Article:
Bristol Festival of Ideas’ Festival of the Future City 2017, which takes place from October 18 to October 20, brings together a staggering line up of nearly 200 writers, artists, performers, politicians, scientists, academics, journalists, filmmakers and others from all over the world. Joe Melia found out more about the 3-day event from organiser and programmer, Andrew Kelly.
What inspired the first Festival of the Future City in 2015?
We’ve always had the future of Bristol at the heart of our work and have always had an interest in cities. And that interest is both personal and professional. I’m not a beach holiday person. I prefer to spend time in other cities walking and experiencing life and culture there. In 2015 Bristol was European Green Capital and we had been asked to make an application to Arts Council England for their Exceptional Fund. Part of this was for an event at the end of 2015 which tried to bring together all strands about the future of cities – including, but not solely looking at – sustainable cities. We raised the funds; the event worked and we were keen to do it again. We decided to do it every two years to be able to reflect changing debates about cities and also have time to bring together new research, as well as raise funds and sponsorship.
There’s a huge range of writers, academics, performers, politicians and others appearing at this year’s festival, how easily did the programme come together?
It’s the result of many months – in some cases, years – of work. We normally start with the themes we want to look at; then at who is working in these areas/ writing about them; and then issue invitations. There’s then a long-term production process of putting people together, finding the right chairs, getting the material gathered, commissioning and launching a website and marketing. It probably takes two years thinking about it.
How much focus will be on the city of Bristol in the discussions and events?
There is some direct focus on Bristol – which is important for us – but we don’t wish it to be just about Bristol. In addition, all events/ sessions are relevant to the city even if they cover general issues or look at cities elsewhere. As well as celebrating cities, the festival is about learning widely from as many as possible. This year that includes, for example, Istanbul, Homs, Mexico City, Melbourne, Beira, Lagos, Chicago, Barcelona, Johannesburg and – in the UK – Newcastle, Birmingham, Leeds, York, London.
What do you hope will come out of this year’s event?
There are many aims: to encourage a wide debate in the sessions and outside on social media; some inspiration for all; an awareness and proposals for action on some of the critical issues facing cities. We have to get cities right, especially as the world urbanises rapidly. There are many challenges: growing inequality and a slowing in social mobility; a housing crisis that means that major cities – like Bristol – may be places only for the wealthy; a fracturing on issues like the benefits of immigration; Brexit; and a growing league of a very few superstar cities that threaten to leave the rest behind. Overall, it’s about making cities work for all – though that simple statement covers many issues.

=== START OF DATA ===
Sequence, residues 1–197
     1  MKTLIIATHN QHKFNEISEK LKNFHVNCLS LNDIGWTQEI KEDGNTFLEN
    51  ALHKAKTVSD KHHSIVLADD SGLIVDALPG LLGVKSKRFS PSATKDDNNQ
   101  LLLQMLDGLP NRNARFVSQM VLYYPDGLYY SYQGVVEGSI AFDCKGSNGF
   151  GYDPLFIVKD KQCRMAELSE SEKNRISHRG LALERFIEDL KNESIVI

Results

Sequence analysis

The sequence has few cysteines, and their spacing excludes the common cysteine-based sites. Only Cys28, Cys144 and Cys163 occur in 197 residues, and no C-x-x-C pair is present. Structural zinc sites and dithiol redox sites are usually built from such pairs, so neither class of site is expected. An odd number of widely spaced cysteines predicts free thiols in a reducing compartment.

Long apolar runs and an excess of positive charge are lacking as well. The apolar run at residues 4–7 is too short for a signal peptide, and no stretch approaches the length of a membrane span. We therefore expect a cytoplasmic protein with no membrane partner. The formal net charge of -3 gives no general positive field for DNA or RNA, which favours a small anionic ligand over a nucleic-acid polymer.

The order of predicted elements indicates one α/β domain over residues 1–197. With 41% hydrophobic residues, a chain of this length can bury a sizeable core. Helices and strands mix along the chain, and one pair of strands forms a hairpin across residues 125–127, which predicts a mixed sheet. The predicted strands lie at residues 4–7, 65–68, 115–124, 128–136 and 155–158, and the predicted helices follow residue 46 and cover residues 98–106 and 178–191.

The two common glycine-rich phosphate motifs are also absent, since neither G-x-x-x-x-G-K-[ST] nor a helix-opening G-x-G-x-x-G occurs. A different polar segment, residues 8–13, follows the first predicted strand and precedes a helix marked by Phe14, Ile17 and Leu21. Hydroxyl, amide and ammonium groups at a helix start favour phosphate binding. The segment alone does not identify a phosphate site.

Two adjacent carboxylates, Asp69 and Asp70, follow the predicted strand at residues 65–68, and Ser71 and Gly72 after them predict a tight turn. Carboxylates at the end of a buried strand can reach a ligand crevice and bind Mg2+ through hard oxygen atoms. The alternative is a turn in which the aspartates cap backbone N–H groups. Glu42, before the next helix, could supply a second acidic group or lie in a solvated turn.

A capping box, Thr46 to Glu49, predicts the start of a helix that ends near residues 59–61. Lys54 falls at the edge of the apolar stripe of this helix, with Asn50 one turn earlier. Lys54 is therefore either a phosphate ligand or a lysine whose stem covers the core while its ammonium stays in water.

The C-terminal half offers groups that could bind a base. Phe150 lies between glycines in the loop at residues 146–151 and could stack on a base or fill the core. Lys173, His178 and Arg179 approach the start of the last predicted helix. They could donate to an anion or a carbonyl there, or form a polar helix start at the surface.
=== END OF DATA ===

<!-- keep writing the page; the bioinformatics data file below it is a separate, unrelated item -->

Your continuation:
The Festival of Ideas is firmly established as one of the UK’s biggest and most prestigious book-related festivals, in the same league as Hay and Edinburgh. How much of a challenge is it to keep developing the festival?
That’s very kind of you to say that. We’re fortunate that over the past 12 years we’ve made a strong case for the festival which means that we have generally good audiences; can raise enough funds to keep it going; and have the confidence and trust of publishers and speakers that we can put on a good event. We have also expanded the festival into many different areas – including the Festival of the Future City and Festival of Economics, but also in commissioning new work, poetry, and even a piece of theatre about Frankenstein. It would be a mistake to say that it is not a challenge: public funding – and festivals will always need a certain amount to operate – is declining, at the same times as expectations are increasing; sponsorship is getting harder to obtain; and – because we are committed to putting on as many free events as possible – paying for all this gets harder and harder. We’re currently reviewing where the festival goes next. Any ideas from Bristol 24/7 readers would be welcome.
The Festival of the Future City runs from October 18 – October 20 at various venues across the city. For full details of all the events and speakers visit: www.futurecityfestival.co.uk/
Read more: If Women Built Cities